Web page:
Legendary hockey reporter and analyst Stan Fischler is writing a weekly scrapbook for NHL.com this season. Fischler, known as "The Hockey Maven," will share his knowledge, humor and insight with readers each Wednesday.
Today, he takes a look at Hockey Hall of Fame goalie Glenn Hall, whose NHL record of 502 consecutive complete games played is one that appears safe for the ages.
"Goalies are a breed apart," Hockey Hall of Fame coach Scotty Bowman once said, "and Glenn Hall is apart from the breed."
Bowman, who coached Hall with the St. Louis Blues late in his NHL career, could have labeled his former goalie "inimitable," and the description also would have been a perfect analysis of the man appropriately nicknamed "Mr. Goalie."
Another description that would be right on the money would be "amazing," considering that the native of Humboldt, Saskatchewan, once played 502 consecutive complete NHL games -- none of them while wearing a mask. Goalies today would shudder at the thought of doing that.
"My first priority was staying alive," Hall said. "The second was stopping the puck."
No less extraordinary was the fact that before almost every game, Hall would force himself to vomit. Once his nervous stomach had been cleared he'd take to the ice -- seemingly with minimal enthusiasm, but it was a job.
"I liked everything about hockey," he once asserted with tongue only slightly in cheek, "except the game."
Even as a young player, Hall sensed that he could make a good living stopping pucks. In addition, he got good at it very quickly.
Historian-author Andrew Podnieks appraised Hall well in his 2003 book "Players, The Ultimate A-Z Guide of Everyone Who Has Ever Played in the NHL."
"The reason Hall played all those games without substitution is that he was the best. Hall was, almost without argument, the greatest goalie of them all," Podnieks wrote. "No record is more unbreakable than Hall's. He not only played in every minute of 502 consecutive regular-season games but 50 more in the playoffs. For a goalie to achieve such a streak is superhuman."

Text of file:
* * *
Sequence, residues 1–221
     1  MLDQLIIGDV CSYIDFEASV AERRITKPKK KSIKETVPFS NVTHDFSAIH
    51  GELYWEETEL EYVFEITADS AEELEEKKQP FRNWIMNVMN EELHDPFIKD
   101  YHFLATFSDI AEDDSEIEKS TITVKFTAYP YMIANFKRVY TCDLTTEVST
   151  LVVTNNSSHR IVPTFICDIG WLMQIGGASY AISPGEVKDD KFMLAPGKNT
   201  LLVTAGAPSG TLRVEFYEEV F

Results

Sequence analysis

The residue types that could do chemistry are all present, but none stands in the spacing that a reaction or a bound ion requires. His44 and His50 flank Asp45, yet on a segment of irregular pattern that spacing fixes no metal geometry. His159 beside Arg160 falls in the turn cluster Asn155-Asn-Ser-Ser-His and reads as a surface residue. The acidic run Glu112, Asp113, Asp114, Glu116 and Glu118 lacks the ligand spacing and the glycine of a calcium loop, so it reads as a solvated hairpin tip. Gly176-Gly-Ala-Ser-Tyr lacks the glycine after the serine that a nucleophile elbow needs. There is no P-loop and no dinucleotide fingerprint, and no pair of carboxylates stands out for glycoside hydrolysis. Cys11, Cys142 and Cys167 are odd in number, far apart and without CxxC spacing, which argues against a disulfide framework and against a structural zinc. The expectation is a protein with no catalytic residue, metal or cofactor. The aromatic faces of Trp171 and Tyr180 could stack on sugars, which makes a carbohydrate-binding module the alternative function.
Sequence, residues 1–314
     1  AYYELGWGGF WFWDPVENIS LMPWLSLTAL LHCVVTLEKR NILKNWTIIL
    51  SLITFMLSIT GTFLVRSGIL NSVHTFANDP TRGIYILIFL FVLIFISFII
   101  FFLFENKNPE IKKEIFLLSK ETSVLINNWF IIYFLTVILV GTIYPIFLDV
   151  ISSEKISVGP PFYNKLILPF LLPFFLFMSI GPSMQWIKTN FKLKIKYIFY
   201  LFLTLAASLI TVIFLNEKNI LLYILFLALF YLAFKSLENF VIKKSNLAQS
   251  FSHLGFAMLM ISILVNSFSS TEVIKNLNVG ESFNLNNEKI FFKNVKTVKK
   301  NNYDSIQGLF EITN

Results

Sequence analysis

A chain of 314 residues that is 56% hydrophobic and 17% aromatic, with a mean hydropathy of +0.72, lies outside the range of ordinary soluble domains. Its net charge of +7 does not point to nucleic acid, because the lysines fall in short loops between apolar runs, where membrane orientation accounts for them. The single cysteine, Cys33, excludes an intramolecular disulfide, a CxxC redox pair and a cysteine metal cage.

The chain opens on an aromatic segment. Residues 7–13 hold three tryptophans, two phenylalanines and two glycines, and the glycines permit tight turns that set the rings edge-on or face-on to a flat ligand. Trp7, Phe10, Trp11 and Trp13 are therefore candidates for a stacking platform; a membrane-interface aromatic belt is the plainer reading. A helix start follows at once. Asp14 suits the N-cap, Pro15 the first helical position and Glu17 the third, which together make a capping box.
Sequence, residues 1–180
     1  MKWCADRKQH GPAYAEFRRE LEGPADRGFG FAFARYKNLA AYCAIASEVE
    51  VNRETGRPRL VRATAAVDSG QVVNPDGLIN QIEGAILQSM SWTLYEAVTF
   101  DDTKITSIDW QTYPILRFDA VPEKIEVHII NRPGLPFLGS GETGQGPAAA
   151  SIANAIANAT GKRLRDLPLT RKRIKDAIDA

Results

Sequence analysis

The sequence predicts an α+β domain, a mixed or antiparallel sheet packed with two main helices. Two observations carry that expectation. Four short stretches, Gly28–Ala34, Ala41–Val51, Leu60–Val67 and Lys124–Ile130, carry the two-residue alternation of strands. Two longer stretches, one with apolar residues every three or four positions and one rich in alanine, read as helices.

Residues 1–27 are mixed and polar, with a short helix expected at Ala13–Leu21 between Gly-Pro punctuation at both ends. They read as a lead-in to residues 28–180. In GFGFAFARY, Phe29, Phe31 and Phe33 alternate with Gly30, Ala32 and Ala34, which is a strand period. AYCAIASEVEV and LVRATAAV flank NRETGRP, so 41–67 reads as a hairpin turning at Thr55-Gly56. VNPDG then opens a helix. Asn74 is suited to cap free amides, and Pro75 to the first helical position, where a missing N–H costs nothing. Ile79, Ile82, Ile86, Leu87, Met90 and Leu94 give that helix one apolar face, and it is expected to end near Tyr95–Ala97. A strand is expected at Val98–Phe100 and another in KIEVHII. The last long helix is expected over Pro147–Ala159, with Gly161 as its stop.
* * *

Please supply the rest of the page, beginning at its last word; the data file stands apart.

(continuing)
Hall made his NHL debut during the 1952-53 season with the Detroit Red Wings and didn't retire until 1971. "I finally quit," he once said after hanging up his pads for good, "because goalkeeping had become dangerous."
Video: Ironman Glenn Hall started 502 straight games in goal
Hall's bittersweet relationship with his job gave him plenty of traumatic moments during the era of maskless goalies, most of which he spent stopping pucks for the Chicago Black Hawks (as they were known then). He was in goal for every minute of Chicago's run to the Stanley Cup in 1961, the first for the Black Hawks in 23 years. But playing on a team with a collection of some of the hardest-shooting forwards in the NHL had its drawbacks, most notably at practice.
"We had Bobby Hull, one of the hardest shots in hockey history," said Hall, who didn't relent and don a mask until very late in his career, "and I had to face him in every one of our practices.
"The way I'd 'handle' Bobby was to make sure that on certain days I'd just step aside and leave the door wide open. It was a simple matter of self-preservation."
Hall's other prescription for avoiding a nervous breakdown was employing humor. Media types who interviewed Hall over the years relished his quips. Even after a crushing playoff defeat, he could find humor in the game.